The male, the repository of chesed, representing the heavens in the first verse quoted above, is expected to spend his active spiritual life clinging to the heavens. To do so, he has to spend his life immersed in the study of Torah and the observance of the commandments, even those that must be performed at specific times. He must develop enormous self-discipline to do this properly, and this, in turn, requires perfecting the character trait of gevurah.

Divine wisdom decided that the life of the male, the repository of chesed should center on the acquisition and perfection of gevurah. Another word for male in Hebrew is gever. The negative trait of aggression, the outward expression of this character trait, is associated primarily with males.

The female, who is the recipient, and represents the 'earth' of the first verse is exactly the reverse. Although in her essence she represents the spiritual force of gevurah as explained above, her life is dedicated to the perfection of the trait of chesed. She is the primary caregiver and nurturer in everyday life. She is exempt from the duty of Torah study or the performance of time-specific Mitzvoth so that she can focus on meeting the needs of others. The chief distinction of the Jewish woman throughout history has been her dedication to chesed.

Through the spiritual activities imposed on them by the Torah, both male and female become a perfect blend of chesed and gevurah in their individual selves, and thus become capable of perfect union as a couple.

 

* * *

 

GIVER OF LIFE

"Adam called his wife's name Eve, because she had become the mother of all the living." (Genesis 3:20)

Rashi explains that the name Eve, Chava in Hebrew, is a noun derived from the word chaya, meaning "to give life," a verb; in turning the verb into the noun the yud becomes transformed into a vav. (As we pointed out earlier, the name of God yud hey, emerges from combining the Hebrew words for man and woman. By implication the yud is also present in the female; she thus contains God's name entirely.)

We are finally ready to return to the laws of niddah.

Life appears in the world in visible form when a baby is born; it appears through the woman. Because she is the gateway to life, it is also through her that life departs.

Man's first confrontation with the evil inclination, the serpent, was through Chava. It was she who initiated the first sin - eating from The Tree of Knowledge of Good and Evil - that ushered death into the world. The Ohr Hachaim points out that this association with the serpent is also hinted to in the name Chava. One of the names of snake in Hebrew is chivya, which is spelled almost identically with Chava.

The waxing and waning of the tides of life manifest themselves most powerfully in the being of the woman, because women are the receptacles of life. The menstrual cycle, which is the expression of women's ability to give life, the essence of 'Chava-ness', if you will, oscillates between life and death. It delivers the eggs that are the receptacles in which new life is formed, and it flushes them out of the reproductive system when they are no longer suitable for this purpose.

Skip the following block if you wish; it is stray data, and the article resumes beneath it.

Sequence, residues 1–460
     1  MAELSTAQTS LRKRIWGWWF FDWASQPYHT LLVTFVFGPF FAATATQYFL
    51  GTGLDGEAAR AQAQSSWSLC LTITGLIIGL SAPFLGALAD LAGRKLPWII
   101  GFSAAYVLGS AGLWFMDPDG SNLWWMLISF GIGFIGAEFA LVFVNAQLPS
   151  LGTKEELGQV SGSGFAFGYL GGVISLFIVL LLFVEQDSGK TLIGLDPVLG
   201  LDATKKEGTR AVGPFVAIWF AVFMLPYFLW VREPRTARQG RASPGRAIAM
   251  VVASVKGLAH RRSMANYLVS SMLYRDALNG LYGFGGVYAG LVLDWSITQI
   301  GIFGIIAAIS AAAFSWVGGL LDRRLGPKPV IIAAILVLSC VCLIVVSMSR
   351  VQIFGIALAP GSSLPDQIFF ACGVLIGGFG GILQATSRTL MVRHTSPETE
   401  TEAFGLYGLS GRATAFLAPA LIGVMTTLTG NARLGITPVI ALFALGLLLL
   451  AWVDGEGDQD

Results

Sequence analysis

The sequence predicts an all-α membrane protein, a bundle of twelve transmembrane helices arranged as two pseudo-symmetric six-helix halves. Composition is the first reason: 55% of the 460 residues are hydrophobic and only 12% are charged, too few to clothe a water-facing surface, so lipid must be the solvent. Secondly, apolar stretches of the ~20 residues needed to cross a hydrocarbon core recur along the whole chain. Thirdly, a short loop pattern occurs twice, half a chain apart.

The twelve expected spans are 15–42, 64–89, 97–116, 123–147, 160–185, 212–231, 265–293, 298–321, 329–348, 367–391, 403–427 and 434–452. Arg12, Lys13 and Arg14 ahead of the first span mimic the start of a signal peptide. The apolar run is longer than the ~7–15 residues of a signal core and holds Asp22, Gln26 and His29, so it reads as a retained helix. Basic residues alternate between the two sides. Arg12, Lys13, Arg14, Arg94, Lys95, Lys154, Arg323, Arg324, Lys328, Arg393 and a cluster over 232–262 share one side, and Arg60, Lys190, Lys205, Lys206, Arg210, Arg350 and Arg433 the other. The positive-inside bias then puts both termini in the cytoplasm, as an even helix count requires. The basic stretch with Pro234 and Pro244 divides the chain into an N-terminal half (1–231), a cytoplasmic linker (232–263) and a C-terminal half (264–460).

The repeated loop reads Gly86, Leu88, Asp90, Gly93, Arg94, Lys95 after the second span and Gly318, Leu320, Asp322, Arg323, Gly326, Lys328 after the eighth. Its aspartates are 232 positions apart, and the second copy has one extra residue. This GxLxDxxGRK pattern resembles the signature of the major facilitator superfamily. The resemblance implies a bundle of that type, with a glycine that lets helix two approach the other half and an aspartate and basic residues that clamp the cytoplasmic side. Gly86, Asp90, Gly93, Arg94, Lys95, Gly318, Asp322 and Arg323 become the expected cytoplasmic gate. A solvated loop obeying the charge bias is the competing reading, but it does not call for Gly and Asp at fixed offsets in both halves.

Death and tamey are synonymous. The Satan, the evil inclination, and the Angel of Seath are all one and the same person (Talmud, Baba Batra, 16a). Life is pure Divine energy. As we explained in the essay on Shmini at length, the anti-force in the universe draws all of its energy requirements from human beings who are attached to holiness. When the tamey draws energy a part of the holiness necessarily dies. Tamey is a phenomenon of the departure of life wherever you encounter it.

As Jewish women serve are the primary recipients of the input of new life, the negative forces in the universe are focused far more on attaching themselves to women than men. The death of sperm renders a person tamey only until sundown, whereas coming into contact with the death of the human egg renders a person tamey for seven full days. The snake, the symbolic representative of the negative force in the universe that is impenetrable to Divine light and therefore the source of tamey, was initially interested in Chava the archetype female, not Adam the archetype male.

Jewish souls, the embodiment of the input of fresh spiritual force into the universe, enter the world through the mother according to Jewish law. The non-Jewish mother gives birth to a non-Jewish child even when the father is a Jew. The father is only a memory at birth. He does not have the power to force the entry of a new Jewish soul into this largely tamey physical universe. On the other hand, the Jewish mother always gives birth to a Jewish soul, no matter who the father of her child may be. She is the true repository of gevurah, spiritual might; she has the power to stamp any fresh human life she introduces into the world with the seal of Divinity.

 

* * *

 

THE POSITIVE SIDE OF NIDDAH

But enough of this focus on the tamey. There is a very positive side to the laws of niddah that is worth studying as well.

"And Isaac brought her into the tent of Sarah his mother. He married Rebecca, she became his wife, and he loved her. And thus was Isaac consoled after his mother." (Genesis 24:67)

Rashi explains: as long as Sarah was alive, the lamp stayed lit in her tent from one Sabbath eve to the next, the dough was blessed and the cloud of God's presence hung over the tent. When Sarah died these spiritual phenomena departed; they returned when Rebecca entered the Jewish tent.